How I Became an NFL Cheerleader
By Mia Geiger| |March 15, 2012 |
A few years back, Laura Vikmanis felt something was missing from her life. She found what she was looking for on the football field.
At 39, following the breakup of her 16-year marriage, she tried out to become a professional cheerleader for the Cincinnati Bengals’ Ben-Gals squad. She didn’t make it, but she immersed herself in dance and fitness classes and tried out the following year — and this time she made the cut.
“It’s like I’m living my life in reverse,” says Vikmanis, who has two teenage daughters.
Now in her third year as a Ben-Gal, the registered dietitian who was a stay-at-home mom for 12 years continues her reign as the nation’s oldest NFL cheerleader. Her memoir, It’s Not About the Pom-Poms, co-written with Amy Sohn, hits the shelves this month. New Line Cinema bought the film rights to her story.
SecondAct talked with Vikmanis about her transformation.
SA: What spurred you to try out?
LV: I needed to get in touch with myself again. I was like, ‘I could dig myself further into depression [from the divorce] or figure out what makes me happy.’ I said to myself, ‘Dancing — dancing makes me happy.’ I hadn’t danced since before I was married. I had started dancing when I was 3 and then all through my younger years. I thought ‘If I can’t turn back the clock, then I can at least do what I used to do and get some of those feelings back.’
I Googled ‘dance classes for adults.’ Obviously, it came up with all these adult-only websites. One of them was a pole-dancing class. I thought it sounded fun, so I went and ended up meeting a former Ben-Gal. She was like, ‘You dance great; you should totally try out.’ I said, ‘Yeah, you don’t know how old I am.’ She said, ‘It doesn’t matter, as long as you’re over 21.’ I said, ‘Well, I’m way over 21.’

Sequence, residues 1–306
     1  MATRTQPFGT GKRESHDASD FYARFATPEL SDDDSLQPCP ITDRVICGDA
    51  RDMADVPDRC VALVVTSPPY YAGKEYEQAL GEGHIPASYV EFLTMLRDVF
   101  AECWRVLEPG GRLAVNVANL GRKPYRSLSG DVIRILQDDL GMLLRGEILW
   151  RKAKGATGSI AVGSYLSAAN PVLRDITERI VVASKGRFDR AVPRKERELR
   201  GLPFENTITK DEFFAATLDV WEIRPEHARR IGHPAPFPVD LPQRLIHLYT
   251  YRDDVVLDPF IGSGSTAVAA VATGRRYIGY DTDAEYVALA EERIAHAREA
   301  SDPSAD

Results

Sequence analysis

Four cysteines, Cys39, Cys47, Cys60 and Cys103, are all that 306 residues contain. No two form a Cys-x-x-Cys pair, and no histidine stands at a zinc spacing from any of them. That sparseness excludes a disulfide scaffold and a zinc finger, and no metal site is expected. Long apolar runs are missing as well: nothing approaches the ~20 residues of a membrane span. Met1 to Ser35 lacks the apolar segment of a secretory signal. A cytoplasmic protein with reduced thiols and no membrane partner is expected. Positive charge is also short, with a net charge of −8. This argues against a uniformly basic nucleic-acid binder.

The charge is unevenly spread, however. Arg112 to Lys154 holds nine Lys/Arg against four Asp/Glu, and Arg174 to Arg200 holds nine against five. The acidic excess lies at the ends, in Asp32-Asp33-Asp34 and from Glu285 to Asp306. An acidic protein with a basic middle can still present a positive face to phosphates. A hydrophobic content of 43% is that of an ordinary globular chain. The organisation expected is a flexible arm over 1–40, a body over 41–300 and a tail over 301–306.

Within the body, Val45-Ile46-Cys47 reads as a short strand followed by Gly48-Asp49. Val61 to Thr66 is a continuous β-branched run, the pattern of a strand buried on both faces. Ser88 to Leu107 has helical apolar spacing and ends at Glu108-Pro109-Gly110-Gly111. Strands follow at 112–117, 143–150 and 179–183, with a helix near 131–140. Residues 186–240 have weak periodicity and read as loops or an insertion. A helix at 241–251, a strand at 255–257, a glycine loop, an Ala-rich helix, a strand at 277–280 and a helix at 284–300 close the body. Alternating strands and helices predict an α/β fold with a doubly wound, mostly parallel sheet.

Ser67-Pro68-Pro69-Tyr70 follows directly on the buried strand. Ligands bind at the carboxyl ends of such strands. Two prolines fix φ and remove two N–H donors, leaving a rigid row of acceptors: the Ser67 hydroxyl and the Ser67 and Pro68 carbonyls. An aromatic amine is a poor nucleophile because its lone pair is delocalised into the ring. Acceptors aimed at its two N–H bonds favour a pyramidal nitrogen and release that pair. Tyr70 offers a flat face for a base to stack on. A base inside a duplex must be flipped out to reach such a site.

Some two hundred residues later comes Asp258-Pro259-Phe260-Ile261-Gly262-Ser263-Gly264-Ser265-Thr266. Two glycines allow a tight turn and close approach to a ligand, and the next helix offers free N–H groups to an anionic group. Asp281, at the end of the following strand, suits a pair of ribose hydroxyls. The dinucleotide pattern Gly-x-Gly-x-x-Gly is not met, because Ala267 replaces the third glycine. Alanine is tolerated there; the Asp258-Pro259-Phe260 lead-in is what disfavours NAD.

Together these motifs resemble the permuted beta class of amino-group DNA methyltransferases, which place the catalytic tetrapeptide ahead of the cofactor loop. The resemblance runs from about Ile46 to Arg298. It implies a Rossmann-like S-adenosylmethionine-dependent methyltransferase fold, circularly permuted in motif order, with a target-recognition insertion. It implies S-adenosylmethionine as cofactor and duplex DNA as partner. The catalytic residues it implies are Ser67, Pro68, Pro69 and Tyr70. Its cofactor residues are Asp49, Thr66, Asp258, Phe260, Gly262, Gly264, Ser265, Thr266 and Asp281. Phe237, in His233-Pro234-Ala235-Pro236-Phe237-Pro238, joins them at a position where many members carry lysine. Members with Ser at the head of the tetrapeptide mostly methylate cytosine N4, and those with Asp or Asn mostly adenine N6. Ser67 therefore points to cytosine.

Laura Vikmanis’ Dos and Don’ts for Reinvention:
1. Let your fears go. Fear, either real or imagined, will hold you back from making any progress toward change.
2. Make a plan, but if you get off track, embrace it. Think of plans as fluid guidelines, not rigid rules.
3. Be your own cheerleader. Friends and family are there for us most of the time, but what do you do when no one is available when you need them? You need to be there, with a positive attitude, to help pick yourself up on a bad day.
1. Be afraid of change. Any changes in your life should be looked at as opportunities for growth.
2. Limit your dreams. You may think you know what you want to do or what you want to accomplish, but sometimes as you open your mind more, you find new things to dream about and work toward.
SA: How did tryouts go?
LV: I made it to the finals. I was like, ‘Oh my gosh, what have I done? This could really be happening.’ When I went to the finals, I didn’t make it, but after seeing what the Ben-Gals did with their community service and the camaraderie of the girls and how everyone was there to dance, I said, ‘This is what I want to do.’ I had a mission: to get on the Ben-Gals.
SA: It must have been intimidating competing against women in their 20s.
LV: When I walked in and saw how young all the girls were…I definitely felt old, but then when we were dancing, I was like, ‘This is so much fun.’ I felt like I was home. I felt like this is something I could focus on and work on.
SA: What was it like putting on the uniform for the first time?
LV: It was like Cinderella. It was like putting on the dress. It was the most incredible feeling.
SA: You’re the oldest cheerleader in the NFL. Does that title irk you, or do you embrace it?
LV: When people started finding out, all the older people in my age bracket were so supportive. They were like, ‘You get out there for us old folks! We’re not old, we’re young!’ I felt like the little poster child, and I am proud because I don’t feel old, and this makes me feel young. I’m proud of being the oldest one. I can definitely keep up.
SA: What’s the biggest lesson you’ve learned?
LV: That you literally can do anything you want to do. It’s so ridiculous to say, but it’s true.
SA: What’s next?
LV: I want to make it on the squad next year. Tryouts are in May. I’m gonna do it until they don’t take me on anymore.
SA: How can others reinvent themselves?
LV: Ask yourself what makes you happy. Be open to whatever is out there. Make a conscious effort to move forward. It’s not going to come knocking on your door. You’ve got to be the one knocking on the door.
Mia Geiger is a freelance writer in the Philadelphia area.